An inspiring yoga class earlier this week that focused on meditation and mindfulness has really helped me stay focused in the moment for many days. It has felt good to feel energetic, yet relaxed, calm, and organized. Reflecting back on this Friday afternoon I realize that I got an awful lot done during this week with less internal stress than usual. Sweet…
So what exactly is “mindfulness?” There is much written about it and many different perspectives to help with the definition and practice.
Here is how Rick Hanson, Ph.D. describes mindfulness. I think he does a nice job of explaining the concept and how it can help us as we go through each day…
1. Mindfulness is a means to an end, not an end in itself.
2. Mindfulness itself is sustained attention to something, typically with some meta-cognitive awareness of the quality of one’s attention. Mindfulness itself is morally neutral. A burglar could be very mindful. If people want, they can add other qualities to mindfulness, such as an attitude of acceptance and friendliness toward the objects of attention, such as toward whatever may pass through the mind.
3. Mindfulness itself does not try to change the objects of attention. But mindfulness is not necessarily the only thing happening in the mind! If one likes, one could add some effort, hopefully wise, to change the objects of attention. A person could be mindful of her stress and negative thoughts for a while; then she could both be mindful and make and effort to shift what is in her mind; finally, she could be mindful of the results in her efforts.
4. As you can see, a certain set of presumptions have grown up around mindfulness in the past few decades that actually are additions to the original idea promoted by the Buddha 2500 years ago. In particular, people talk as if an explicit stance against working with the contents of awareness is an innate feature of mindfulness, and it is not. I recommend reading my paper, The Noble Eightfold Path (Hanson), for more on this.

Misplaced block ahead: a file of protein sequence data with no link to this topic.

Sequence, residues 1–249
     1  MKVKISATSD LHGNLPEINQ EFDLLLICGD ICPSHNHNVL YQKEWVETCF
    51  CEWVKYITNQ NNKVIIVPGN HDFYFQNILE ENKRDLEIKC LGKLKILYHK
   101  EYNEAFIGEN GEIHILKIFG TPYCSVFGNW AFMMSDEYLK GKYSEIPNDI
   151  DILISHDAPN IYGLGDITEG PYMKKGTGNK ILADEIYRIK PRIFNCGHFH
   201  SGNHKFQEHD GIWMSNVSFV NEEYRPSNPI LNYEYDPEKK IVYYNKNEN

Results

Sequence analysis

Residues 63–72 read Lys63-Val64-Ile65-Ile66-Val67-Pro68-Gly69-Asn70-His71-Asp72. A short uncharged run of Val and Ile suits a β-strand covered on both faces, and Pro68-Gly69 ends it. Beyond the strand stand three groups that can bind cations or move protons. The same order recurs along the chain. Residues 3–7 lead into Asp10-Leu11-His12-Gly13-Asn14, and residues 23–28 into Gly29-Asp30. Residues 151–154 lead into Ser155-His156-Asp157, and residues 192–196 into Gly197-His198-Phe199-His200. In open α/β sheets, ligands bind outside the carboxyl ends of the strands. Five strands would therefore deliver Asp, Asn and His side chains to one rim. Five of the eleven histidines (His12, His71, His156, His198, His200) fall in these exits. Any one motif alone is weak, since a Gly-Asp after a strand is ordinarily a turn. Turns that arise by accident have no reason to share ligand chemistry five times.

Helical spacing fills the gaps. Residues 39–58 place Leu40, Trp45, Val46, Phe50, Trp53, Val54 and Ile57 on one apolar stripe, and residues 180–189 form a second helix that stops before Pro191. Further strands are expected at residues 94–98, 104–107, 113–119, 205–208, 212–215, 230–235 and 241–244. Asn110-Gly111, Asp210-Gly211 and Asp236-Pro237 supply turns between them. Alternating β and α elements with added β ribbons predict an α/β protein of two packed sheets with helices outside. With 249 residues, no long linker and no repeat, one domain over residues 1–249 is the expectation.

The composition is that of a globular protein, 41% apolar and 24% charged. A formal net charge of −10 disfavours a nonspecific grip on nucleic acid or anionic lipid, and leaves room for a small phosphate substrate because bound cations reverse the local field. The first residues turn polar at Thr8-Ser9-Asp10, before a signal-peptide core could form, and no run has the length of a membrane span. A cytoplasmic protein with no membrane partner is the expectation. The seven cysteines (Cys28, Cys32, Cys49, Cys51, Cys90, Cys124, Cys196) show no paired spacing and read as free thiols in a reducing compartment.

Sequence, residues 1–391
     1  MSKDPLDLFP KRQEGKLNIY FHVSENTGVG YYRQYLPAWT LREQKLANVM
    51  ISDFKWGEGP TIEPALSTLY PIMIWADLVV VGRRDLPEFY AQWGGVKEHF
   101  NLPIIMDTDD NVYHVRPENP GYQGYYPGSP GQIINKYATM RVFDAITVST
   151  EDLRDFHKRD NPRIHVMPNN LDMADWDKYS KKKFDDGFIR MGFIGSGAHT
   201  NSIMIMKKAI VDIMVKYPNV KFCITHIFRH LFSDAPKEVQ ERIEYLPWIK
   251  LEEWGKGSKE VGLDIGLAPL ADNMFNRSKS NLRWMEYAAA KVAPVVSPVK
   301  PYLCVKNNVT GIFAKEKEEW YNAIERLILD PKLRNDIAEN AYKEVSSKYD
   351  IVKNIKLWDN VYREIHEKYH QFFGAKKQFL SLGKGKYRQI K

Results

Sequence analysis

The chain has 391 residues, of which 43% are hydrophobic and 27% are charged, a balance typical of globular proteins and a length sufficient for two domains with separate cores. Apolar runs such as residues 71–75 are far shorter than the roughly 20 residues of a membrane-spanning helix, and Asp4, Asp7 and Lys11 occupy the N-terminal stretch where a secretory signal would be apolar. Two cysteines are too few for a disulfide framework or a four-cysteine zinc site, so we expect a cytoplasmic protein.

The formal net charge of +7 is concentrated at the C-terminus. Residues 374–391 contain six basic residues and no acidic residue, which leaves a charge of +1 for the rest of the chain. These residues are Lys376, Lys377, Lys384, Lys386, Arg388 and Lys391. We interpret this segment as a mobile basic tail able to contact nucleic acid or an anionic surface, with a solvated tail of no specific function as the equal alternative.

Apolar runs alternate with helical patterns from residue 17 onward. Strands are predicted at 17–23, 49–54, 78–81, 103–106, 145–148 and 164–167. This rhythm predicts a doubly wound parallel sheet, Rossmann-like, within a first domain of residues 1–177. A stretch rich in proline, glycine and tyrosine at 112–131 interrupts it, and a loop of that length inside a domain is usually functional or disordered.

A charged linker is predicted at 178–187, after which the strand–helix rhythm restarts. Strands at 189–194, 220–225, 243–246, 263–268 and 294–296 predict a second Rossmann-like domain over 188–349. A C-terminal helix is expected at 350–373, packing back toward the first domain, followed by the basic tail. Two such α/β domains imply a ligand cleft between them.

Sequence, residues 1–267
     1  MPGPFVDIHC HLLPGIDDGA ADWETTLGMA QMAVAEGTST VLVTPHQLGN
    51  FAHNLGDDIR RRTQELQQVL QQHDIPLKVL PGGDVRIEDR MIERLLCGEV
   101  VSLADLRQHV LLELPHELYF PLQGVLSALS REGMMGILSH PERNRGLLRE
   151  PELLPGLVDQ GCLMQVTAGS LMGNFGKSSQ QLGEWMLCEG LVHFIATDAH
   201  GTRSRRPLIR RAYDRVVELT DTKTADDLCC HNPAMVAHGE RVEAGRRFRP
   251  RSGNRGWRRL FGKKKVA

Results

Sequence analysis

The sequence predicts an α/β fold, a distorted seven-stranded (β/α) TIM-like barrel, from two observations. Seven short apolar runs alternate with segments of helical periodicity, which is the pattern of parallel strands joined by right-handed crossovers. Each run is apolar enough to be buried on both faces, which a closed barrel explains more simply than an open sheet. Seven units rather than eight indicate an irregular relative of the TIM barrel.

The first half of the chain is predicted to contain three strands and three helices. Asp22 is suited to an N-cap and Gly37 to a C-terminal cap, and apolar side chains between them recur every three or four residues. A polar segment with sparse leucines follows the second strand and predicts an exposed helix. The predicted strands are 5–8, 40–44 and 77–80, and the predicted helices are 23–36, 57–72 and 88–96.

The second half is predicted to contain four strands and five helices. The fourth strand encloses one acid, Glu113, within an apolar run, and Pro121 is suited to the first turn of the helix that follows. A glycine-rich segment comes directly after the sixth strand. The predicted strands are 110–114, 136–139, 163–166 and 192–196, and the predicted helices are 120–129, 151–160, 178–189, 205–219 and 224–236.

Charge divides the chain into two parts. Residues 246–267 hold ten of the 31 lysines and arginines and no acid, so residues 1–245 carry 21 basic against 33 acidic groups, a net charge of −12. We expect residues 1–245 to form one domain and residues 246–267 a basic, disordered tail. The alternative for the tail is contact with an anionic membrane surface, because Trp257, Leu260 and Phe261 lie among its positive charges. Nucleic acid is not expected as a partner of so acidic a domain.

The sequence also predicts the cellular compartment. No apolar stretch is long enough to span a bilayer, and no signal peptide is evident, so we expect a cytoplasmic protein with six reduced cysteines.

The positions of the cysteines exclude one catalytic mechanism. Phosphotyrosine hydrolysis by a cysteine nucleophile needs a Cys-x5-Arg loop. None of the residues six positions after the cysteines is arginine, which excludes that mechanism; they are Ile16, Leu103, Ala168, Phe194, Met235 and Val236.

5. Mindfulness itself is always helpful. And sometimes it is useful for a person to drop any effort to shift the contents of awareness in any direction whatsoever; sometimes this kind of “choice awareness” alone helps negative thoughts release.
6. But often mindfulness alone is not enough. A lot of crud fills the mind, and it persists because the brain is a physical object that does not tend to change unless something changes it (in effect, Newton’s First Law). When you appreciate how embodied we are, and how much the brain is a learning organ that builds structure that maintains unless it is actually changed, you get very interested in effective and efficient effort. Since neurons that fire together wire together, keeping negative material in awareness can actually deepen its hold upon you.
7. In essence, there are two great elements in psychological healing, everyday well being and effectiveness and personal growth and spiritual practice: being with and working with (in Buddhism :Right Mindfulness and Right Effort). These are the two great wings that can help us fly.
Each wing has strengths. And the wings working together — mindfulness improves our efforts and it takes skillful effort to be stably mindful.
Then you can make a free and wise choice, moment by moment, as to what will do the most good for oneself, or one’s client — lean toward pure mindfulness or lean toward mindful efforts. Both are beautiful and help us fly.
Share your thoughts on mindfulness with us…